Scandinavian design is having a moment right now, and if you've ever nodded your head like, "oh yeah, I love Scandinavian decor!" but in reality have no effing idea what it actually is, you wouldn't be alone. But you're probably more familiar with it than you realize, because it's popping up all over social media, design blogs, and your favorite magazines. Let's break it down, so you can do less smiling and nodding and more finding cool ways to work it into your home.
Scandinavian Design Is Minimal.
Yes, it has nuances that make it different from minimalism, modernism, and contemporary decor, but at it's most basic level, , with a focus on simplicity and functionality. There's not a lot of clutter, and it focuses on functionality, using natural materials, and taking a "democratic approach" to design, says author of Lagom: The Swedish Art of Living and the blog , Niki Brantmark. "Scandinavian design has a tradition of striving to ensure everyone has access to good design, not just the elite, she explains. "This is why you’ll see beauty in everyday pieces. IKEA is a good example of this."
It's Inspired By Nature and Climate.
Scandinavian design emerged in the 1930s, though really grew to popularity in the 1950s. traveling through the U.S. and Canada in 1954-1957 promoted works by Nordic designers emphasizing simple designs inspired by nature and the climate of the region. "The style was well received, and people appreciated the ‘beauty in the everyday’ aspect," Brantmark notes.
Improving Daily Life Is A Core Tenant.
At its core, Scandinavian design seeks to improve every day life. Nordic countries get as little as seven hours of daylight in the winter, so . You won't find wall-to-wall carpeting, as hard-wood natural or white floors help the space seem brighter. Furniture is functional, doubling as storage, and window treatments are nonexistent, or sheer at most, in order to maximize the light that comes in.
Texture Keeps It From Feeling Stark.
Minimalism is often considered cold and stark to critics, but Scandinavian design creates warmth through textiles, rather than cluttering things with a lot of decorative items. Soft textiles, such as sheepskin, wool, and mohair, are a necessity in cold climates, and keep the aesthetic paired down, but add some visual interest. Their rationale: Anything added should have a practical purpose.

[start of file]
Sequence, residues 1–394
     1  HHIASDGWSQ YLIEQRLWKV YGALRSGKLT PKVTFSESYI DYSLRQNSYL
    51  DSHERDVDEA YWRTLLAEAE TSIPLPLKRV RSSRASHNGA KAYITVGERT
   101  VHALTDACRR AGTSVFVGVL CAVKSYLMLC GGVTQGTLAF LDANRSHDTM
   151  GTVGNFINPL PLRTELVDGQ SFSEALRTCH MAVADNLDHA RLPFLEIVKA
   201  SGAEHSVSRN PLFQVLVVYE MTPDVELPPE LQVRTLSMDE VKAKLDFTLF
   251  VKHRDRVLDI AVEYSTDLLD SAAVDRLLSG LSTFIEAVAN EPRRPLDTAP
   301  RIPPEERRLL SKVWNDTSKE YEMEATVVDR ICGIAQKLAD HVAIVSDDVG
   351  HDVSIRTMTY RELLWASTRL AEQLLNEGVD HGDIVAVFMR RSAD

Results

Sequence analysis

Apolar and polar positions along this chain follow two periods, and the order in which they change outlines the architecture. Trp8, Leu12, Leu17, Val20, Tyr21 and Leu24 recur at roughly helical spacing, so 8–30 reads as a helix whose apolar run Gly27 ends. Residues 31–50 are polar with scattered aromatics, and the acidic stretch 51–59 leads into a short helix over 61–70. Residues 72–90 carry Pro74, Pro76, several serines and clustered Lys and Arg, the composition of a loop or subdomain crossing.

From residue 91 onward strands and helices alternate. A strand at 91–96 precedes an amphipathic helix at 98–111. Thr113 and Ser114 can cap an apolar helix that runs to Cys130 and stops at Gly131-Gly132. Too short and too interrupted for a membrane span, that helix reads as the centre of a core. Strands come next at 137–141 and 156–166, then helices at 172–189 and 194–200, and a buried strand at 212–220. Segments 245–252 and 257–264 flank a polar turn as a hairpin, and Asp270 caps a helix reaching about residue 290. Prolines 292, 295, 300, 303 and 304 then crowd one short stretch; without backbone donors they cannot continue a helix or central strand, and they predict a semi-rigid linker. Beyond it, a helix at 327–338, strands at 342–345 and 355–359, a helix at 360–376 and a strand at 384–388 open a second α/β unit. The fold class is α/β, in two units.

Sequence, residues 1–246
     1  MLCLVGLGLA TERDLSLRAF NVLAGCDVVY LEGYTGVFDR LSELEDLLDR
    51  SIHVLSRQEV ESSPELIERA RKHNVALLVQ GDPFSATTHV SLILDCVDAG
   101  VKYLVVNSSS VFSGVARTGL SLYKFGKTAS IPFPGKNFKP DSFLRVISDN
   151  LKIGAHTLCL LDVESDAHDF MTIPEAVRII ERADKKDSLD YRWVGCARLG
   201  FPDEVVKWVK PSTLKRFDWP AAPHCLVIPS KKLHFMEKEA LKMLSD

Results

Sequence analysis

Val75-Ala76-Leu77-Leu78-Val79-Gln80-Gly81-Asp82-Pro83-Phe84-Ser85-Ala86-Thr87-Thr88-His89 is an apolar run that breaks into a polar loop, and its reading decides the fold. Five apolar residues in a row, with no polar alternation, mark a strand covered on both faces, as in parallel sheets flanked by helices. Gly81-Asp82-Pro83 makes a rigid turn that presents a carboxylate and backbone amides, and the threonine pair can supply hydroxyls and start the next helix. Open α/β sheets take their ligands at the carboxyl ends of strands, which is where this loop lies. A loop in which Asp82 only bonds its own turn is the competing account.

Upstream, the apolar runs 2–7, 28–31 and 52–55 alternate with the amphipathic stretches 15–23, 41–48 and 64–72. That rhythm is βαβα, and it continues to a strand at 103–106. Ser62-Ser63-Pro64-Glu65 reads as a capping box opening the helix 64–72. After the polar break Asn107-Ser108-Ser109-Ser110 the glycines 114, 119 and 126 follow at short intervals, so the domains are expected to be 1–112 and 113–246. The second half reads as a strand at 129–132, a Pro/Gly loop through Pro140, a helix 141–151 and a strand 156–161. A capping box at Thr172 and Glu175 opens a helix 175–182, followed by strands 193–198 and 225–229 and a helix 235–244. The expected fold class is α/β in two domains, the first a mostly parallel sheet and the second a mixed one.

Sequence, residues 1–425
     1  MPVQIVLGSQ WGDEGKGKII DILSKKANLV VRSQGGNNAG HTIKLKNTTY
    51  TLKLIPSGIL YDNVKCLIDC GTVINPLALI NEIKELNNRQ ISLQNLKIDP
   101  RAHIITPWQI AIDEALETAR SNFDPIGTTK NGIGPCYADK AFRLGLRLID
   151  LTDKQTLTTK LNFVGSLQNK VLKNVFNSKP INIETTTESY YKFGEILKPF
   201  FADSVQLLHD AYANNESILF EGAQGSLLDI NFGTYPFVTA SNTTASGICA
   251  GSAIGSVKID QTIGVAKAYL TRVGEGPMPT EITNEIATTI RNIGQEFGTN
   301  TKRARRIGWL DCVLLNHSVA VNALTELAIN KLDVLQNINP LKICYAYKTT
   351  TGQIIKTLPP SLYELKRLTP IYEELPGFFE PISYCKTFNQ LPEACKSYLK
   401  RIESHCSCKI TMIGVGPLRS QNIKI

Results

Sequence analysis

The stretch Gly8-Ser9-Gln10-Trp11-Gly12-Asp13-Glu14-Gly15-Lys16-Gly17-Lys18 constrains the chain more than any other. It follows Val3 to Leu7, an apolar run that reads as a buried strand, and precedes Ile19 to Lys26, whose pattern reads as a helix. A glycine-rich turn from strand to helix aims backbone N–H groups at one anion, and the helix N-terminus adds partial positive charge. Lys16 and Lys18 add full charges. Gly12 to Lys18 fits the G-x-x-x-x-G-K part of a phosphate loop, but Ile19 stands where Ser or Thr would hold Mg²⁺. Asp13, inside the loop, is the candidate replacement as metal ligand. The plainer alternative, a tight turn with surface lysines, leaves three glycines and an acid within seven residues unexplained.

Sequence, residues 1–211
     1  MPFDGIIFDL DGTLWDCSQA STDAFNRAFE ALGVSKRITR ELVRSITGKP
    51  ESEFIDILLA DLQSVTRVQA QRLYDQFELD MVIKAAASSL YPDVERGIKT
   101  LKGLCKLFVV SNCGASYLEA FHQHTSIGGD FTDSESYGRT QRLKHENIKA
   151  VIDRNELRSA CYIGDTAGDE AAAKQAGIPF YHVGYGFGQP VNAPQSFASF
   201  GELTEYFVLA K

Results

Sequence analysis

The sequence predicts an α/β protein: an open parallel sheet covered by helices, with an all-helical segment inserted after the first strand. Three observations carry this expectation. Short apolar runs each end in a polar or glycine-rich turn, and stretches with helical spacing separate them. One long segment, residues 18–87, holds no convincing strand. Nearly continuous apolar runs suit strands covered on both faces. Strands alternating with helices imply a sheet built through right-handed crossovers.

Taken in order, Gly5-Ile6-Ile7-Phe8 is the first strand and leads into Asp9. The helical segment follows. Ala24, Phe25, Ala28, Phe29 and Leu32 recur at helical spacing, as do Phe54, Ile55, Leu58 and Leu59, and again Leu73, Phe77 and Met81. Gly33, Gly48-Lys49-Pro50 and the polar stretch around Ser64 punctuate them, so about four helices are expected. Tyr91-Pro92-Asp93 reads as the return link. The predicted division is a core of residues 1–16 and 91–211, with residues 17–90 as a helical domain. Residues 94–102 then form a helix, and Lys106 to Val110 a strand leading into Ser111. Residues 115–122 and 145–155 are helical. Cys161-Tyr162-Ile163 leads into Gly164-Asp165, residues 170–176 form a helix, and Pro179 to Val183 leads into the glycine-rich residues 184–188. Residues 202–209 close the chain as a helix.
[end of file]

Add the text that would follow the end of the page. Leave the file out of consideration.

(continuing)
The Palette Is Neutral, But You Can Play With Color.
Neutral colors are the foundation, since natural light can be rare in Nordic homes, but recently, color has started to be used as an accent, though still in earthy tones—dark blues, greens, grays, and browns. The can aid in creating a cocoon-like space.
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Hygge Is A State Of Mind, Not A Design.
Since 2016 put hygge on our radars, the devotion to the concept hasn't seen any slow down, but don't subscribe to the common misconception. The Danish word associated with coziness isn't a design style at all, but rather, a state of mind. You can seek to create it with your decor, and in large part, much of Scandinavian design does, but the two are not interchangeable.
It's All About Balance.
Similarly to the idea of hygge, Sweden uses the word lagom, which means not too little, not too much—basically, finding the balance. "In my home, I like to find a balance between minimalist and cozy. I love to mix and match old and new, and try to ensure no two items are the same for a relaxed look," Brantmark says. That means adding lots of textiles in the form of sheepskins, linen cushions, and layered rugs to boost the curl-up-and-relax factor, while keeping furniture and decor minimal and streamlined.
"The beauty of Scandinavian design is that it’s incredibly versatile," Brantmark says. "The simple aesthetic means it can fit seamlessly with almost any style and era, while the sculptural, organic shape adds an element of drama to a room." You could deck your space out completely in Scandinavian-inspired decor, or you could incorporate pieces sparingly, if you just want to dabble with the design. Just make sure to "keep the space around [the items] decluttered so you can more easily appreciate the beauty of each item," Brantmark says. And if you're not sure where to start, Brantmark recommends shopping at , , , and, of course, .
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